Legislative Update: Updated Correction Procedures for 401(k), 403(b) and Simple IRA Plans go into Effect

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Disclosure: I work for ADP.  This information is purely educational, and based on Gov’t Regulation.

Eye On Washington: Legislative Update

Updated: March 27, 2013

Legislative Update: Updated Correction Procedures for 401(k), 403(b) and Simple IRA Plans go into Effect

Retirement plans must comply with a myriad of requirements under the Internal Revenue Code (“Code”) in order to remain tax-qualified. Plan sponsors, at times, have found it challenging to understand and stay compliant with all of these requirements. To assist plan sponsors, the Internal Revenue Service (“IRS”) established the Employee Plans Compliance Resolution System (“EPCRS”) that prescribes correction principles and methods that plan sponsors may rely upon as being reasonable and appropriate methods to correct certain errors that occur in the course of the plan’s operation and/or with regard to plan documentation.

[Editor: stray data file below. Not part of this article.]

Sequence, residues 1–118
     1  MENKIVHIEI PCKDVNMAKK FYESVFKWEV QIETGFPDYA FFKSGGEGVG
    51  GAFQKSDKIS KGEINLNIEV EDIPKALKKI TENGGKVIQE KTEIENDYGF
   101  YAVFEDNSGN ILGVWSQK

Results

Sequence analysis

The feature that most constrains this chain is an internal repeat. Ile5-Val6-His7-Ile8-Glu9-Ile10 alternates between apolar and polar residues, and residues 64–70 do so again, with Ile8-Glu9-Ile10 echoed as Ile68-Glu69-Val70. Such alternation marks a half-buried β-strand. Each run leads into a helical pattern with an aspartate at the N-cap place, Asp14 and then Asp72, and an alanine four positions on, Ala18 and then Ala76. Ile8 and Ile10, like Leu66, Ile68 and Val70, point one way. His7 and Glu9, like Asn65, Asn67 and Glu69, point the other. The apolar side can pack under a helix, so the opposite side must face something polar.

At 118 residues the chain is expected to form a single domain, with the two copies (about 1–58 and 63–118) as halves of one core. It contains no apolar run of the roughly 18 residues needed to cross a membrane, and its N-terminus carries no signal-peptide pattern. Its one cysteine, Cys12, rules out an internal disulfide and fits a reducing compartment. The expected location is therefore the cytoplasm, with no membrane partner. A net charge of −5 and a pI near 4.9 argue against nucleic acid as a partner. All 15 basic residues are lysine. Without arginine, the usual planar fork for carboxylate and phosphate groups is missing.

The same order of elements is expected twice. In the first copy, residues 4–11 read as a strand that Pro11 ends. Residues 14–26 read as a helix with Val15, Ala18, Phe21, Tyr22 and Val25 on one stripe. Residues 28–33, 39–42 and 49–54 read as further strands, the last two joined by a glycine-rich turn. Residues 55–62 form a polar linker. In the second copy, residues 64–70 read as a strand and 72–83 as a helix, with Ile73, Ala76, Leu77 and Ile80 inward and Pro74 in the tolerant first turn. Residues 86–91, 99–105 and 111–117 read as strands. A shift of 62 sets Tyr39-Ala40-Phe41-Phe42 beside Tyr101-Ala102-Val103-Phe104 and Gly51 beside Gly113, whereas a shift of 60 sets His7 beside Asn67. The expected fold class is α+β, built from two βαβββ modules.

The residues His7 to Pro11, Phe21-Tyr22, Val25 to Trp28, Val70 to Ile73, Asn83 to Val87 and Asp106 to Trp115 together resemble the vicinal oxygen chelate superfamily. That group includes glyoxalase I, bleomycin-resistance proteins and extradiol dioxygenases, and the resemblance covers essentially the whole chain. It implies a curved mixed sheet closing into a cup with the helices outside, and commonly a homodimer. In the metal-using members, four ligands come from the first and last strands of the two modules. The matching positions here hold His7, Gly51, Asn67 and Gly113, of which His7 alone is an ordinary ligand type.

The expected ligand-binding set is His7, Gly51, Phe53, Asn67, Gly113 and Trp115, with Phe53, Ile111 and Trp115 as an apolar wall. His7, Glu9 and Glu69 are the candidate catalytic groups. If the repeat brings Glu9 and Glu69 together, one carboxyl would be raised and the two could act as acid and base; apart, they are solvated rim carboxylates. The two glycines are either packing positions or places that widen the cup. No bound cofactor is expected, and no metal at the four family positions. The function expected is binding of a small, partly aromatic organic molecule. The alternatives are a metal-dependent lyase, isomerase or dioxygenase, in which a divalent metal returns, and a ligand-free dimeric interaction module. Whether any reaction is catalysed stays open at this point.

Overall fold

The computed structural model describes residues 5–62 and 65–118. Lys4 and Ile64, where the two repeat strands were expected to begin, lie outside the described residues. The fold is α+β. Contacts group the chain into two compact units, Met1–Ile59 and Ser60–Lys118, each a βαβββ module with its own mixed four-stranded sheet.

On April 1, 2013, new procedures under the EPCRS, set out in the IRS’s Revenue Procedure 2013-12, went into effect. Some of these changes are summarized below:

New 403(b) Plan Corrections

Effective in 2009, Section 403(b) plans became subject to requirements under the Code similar to qualified plans. Under the new procedures, plan sponsors of Section 403(b) plans may correct errors in ways similar to those available to qualified plans.

Revised VCP Filing Procedures

Plan sponsors that wish to obtain IRS approval of a correction using the voluntary correction program (VCP) under the EPCRS must now file the application using Form 8950 and include Form 8951 (regarding compliance fees). VCP applications must be sent to the IRS’s Covington, KY service center rather than the IRS’s Washington, DC office. Streamlined VCP approvals for enumerated corrections may be sought using the model documents that appear on Schedules 1 to 9 in Appendix C, Part II of Rev. Proc. 2013-12.

Lost Participant Procedures